• HIV TREATMENT
Many of this week's news items come from TheBody.com's expert coverage of the 4th International AIDS Society Conference on HIV Pathogenesis, Treatment and Prevention (IAS 2007). For full
coverage of this conference, including in-depth study analyses and more than two dozen podcasts with transcripts, visit our IAS
2007 home page.
Did Someone Say "Cure"?
Advances in HIV medicine once again have people talking about the holy grail of HIV: a cure. Some researchers think that the virus could be completely eliminated from the body, but only in
people who begin treatment with powerful new drugs immediately after infection. This article by David Scondras of the Boston HIV organization Search for a Cure outlines the HIV "eradication" debate,
reviewing theories about why HIV remains in the body after taking HIV meds, and why some researchers still think we might be able to one day find a cure for HIV.
It Doesn't Matter How Old You Are; HIV Meds Work
HIV doesn't discriminate by age, and a new French study shows that HIV meds don't discriminate by age either. If taken properly, they can raise your CD4 count and lower your viral
load just as well when you're over 50 as they do when you're younger, the French researchers found. The trick is to get diagnosed as soon as possible, and, when you start meds, find a regimen
that you can realistically take every dose of. (Web highlight from aidsmap.com)
Measuring Drug Resistance to the Newest HIV Meds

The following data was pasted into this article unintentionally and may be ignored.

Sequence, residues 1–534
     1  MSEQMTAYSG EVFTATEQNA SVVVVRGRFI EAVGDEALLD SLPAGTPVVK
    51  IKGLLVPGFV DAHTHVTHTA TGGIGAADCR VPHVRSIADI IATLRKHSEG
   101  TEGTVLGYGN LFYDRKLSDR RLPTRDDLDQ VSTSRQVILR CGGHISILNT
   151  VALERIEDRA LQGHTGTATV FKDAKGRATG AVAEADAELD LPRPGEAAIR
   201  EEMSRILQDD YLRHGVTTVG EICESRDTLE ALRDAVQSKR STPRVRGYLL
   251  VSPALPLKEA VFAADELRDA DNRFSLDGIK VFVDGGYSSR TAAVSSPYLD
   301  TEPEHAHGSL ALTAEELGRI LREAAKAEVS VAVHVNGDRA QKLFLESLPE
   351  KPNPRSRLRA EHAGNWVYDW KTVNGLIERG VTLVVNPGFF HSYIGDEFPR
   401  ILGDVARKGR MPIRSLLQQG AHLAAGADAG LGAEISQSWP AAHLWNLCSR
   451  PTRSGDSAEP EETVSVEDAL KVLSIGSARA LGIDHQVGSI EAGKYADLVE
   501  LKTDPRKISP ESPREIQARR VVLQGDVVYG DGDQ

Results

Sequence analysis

As new HIV medications are developed, researchers scramble to figure out how a doctor can learn whether a person is developing resistance to them. At a major HIV drug resistance conference
earlier this year, scientists shared their knowledge about how to gauge a person's level of resistance to new drugs such as Selzentry (maraviroc), as well as other notable drugs in development.
TheBody.com's Mark Holodniy, M.D., reports.
• HIV COMPLICATIONS & MED SIDE EFFECTS
No More Ziagen Hypersensitivity Reaction? Test Could Make It So
A simple genetic test could be the key to ensuring that nobody has to deal with a potentially dangerous allergic reaction to Ziagen (abacavir). A new study presented at IAS 2007 provides
dramatic support for the test: Of 859 people who received the genetic test before taking Ziagen, not a single one had a confirmed allergic reaction to Ziagen, compared to 3 percent of the
913 people who did not receive the genetic test. TheBody.com's Graeme Moyle, M.D., reports.
For more analysis of this important study, read this summary from TheBody.com's Joel Gallant, M.D.
Research Sheds New Light (But Not Much) on Heart Risk Among HIVers
What increases an HIV-positive person's risk of heart problems? Many studies have tried to answer this question, but we still don't know for sure. In the latest research presented at IAS
2007, scientists found more evidence to point to some sort of link between being HIV positive and developing coronary artery disease, a health problem that can lead to a heart attack. But,
as TheBody.com's Margaret Hoffman-Terry, M.D., explains, there's still no "smoking gun" connecting heart disease to a specific aspect of HIV disease or HIV meds.
Studies Find No Harm in Switching to Reyataz From Another Protease Inhibitor